Employees are monitored for a variety of valid reasons including performance, meeting KPIs and quality control, and behaviour, time keeping, dress and adherence to company codes of conduct.  Proportionality is an important factor in determining the appropriate level of interference in the activity of employees in work.  Proportionality is increasingly important and increasingly difficult to prove when monitoring steps outside of the work environment and into the private life of the employee, for example when we are working from home.

In a recent case, the French data protection authority decided that Ikea’s decision to collect data on its employees went far beyond monitoring.  It involved Ikea sourcing records of employee bank accounts, paying for access to police files and planting fake employees to report on colleagues.  Nor was the objective of the monitoring without criticism.  In particular, prosecutors believed that the personal data gathered was used to target union representatives and employees involved in customer disputes in order to strengthen the company’s position in negotiations.

Ikea was fined €1 million by the French data protection supervisory authority and there were also criminal charges for some of its senior management.  Its chief executive in France was found guilty of obtaining personal data unlawfully and given a two year suspended prison sentence and a €50,000 fine.  The head of risk management whose department masterminded the spying operations was given an 18 month suspended sentence and fined €10,000. Other employees were found guilty of unlawfully obtaining personal data.  Some of these were fined and others given suspended prison sentences.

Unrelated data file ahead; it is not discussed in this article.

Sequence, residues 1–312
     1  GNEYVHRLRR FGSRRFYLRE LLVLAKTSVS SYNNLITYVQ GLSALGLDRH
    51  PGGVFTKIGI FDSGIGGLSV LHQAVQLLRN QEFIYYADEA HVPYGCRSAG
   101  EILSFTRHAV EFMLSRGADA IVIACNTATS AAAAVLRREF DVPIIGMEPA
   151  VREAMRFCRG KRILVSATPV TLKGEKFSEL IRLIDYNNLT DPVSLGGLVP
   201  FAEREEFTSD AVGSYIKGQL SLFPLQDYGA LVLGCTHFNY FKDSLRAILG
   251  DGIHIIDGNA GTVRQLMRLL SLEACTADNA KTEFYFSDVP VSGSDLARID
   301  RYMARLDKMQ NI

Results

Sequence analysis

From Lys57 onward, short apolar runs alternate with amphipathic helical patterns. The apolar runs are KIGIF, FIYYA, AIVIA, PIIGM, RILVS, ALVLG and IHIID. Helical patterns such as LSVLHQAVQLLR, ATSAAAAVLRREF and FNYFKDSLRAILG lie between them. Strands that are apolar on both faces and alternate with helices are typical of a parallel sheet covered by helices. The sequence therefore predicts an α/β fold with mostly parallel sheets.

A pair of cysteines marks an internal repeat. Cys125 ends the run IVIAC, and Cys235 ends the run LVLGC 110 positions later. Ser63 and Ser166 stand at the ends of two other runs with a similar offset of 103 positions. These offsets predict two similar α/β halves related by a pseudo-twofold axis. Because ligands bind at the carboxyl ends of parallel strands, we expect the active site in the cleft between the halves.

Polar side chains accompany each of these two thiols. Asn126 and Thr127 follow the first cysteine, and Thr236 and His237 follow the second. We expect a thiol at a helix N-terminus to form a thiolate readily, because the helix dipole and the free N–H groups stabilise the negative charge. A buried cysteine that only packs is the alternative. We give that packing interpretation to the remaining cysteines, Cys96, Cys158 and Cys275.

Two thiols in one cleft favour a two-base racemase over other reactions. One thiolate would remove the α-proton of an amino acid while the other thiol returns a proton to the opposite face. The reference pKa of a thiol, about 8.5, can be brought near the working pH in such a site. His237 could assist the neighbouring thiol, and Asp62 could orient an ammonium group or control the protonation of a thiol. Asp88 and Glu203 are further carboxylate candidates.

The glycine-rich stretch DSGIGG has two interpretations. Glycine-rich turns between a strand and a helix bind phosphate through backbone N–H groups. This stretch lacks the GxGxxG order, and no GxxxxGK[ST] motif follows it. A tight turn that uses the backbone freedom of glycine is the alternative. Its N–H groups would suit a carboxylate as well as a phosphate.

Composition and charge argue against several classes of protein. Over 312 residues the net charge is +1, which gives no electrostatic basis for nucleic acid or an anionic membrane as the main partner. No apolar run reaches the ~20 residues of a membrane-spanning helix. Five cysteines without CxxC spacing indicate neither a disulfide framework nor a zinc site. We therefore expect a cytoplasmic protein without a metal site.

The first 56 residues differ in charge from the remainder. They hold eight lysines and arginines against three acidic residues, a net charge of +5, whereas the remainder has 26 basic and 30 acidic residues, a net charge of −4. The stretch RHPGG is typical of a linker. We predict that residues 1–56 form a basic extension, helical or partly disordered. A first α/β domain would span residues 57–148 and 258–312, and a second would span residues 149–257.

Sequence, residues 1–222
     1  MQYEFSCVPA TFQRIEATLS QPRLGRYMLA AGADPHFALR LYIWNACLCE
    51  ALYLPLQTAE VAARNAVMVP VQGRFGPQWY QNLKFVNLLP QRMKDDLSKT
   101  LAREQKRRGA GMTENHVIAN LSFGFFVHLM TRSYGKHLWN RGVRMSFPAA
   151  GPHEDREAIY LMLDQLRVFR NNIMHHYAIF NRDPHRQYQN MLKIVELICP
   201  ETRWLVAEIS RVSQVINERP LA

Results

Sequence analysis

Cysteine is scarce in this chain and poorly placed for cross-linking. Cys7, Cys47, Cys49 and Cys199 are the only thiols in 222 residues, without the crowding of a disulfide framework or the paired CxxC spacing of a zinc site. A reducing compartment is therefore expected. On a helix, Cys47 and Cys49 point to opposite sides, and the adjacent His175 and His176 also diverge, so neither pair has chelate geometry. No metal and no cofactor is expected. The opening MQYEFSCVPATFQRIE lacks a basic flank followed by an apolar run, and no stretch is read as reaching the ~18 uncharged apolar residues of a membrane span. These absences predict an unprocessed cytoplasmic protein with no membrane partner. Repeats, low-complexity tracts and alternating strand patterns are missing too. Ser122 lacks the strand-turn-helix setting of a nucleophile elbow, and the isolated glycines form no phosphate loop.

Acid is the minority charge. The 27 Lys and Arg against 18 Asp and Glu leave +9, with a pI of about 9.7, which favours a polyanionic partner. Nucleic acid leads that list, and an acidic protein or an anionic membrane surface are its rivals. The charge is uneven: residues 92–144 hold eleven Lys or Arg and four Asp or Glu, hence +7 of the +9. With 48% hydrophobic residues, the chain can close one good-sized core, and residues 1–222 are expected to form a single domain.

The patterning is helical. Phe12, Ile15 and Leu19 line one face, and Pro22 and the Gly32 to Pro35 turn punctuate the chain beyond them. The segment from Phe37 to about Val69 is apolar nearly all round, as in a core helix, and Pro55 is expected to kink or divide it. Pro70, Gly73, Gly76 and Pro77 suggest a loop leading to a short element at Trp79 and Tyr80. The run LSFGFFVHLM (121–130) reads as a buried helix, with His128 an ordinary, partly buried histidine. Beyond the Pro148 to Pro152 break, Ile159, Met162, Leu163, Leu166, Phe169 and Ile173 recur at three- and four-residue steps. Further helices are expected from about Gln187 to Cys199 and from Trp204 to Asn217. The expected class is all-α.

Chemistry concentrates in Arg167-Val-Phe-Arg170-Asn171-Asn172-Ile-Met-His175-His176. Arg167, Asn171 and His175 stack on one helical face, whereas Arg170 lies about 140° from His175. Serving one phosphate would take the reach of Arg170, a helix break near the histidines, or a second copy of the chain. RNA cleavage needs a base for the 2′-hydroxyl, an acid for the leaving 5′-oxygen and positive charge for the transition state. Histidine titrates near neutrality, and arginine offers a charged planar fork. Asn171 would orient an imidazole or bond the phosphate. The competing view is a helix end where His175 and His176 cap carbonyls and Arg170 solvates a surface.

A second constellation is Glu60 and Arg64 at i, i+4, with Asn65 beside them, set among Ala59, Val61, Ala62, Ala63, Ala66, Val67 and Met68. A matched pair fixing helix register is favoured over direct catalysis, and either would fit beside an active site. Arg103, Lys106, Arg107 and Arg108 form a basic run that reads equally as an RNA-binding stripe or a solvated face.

Individual cases bring out the truly horrible nature of this activity.  In one case the employer was investigating how an employee who had been in receipt of benefits could afford to drive a Porsche.  In another case Ikea investigated whether an employee had a criminal record because he drove a BMW but had a low income.

We recommend that monitoring practices be kept under review.  At departmental level the same issues could be considered as apply when accessing any personal data at work:

  • Do I need to use and therefore obtain this data?
  • Do I have the authority to obtain and use this data?
  • Do I understand that the collection and use of this data is my responsibility?

The Ikea case shows that some level of peer group review is also required in case senior management has lost its sense of proportion.  The internal discussion might well be difficult but in the long run it is preferable to having the conversation with the regulator, in court and in public.   So the question businesses need to consider is “Who monitors the monitors?”

Mandy P Webster, Data Protection Consulting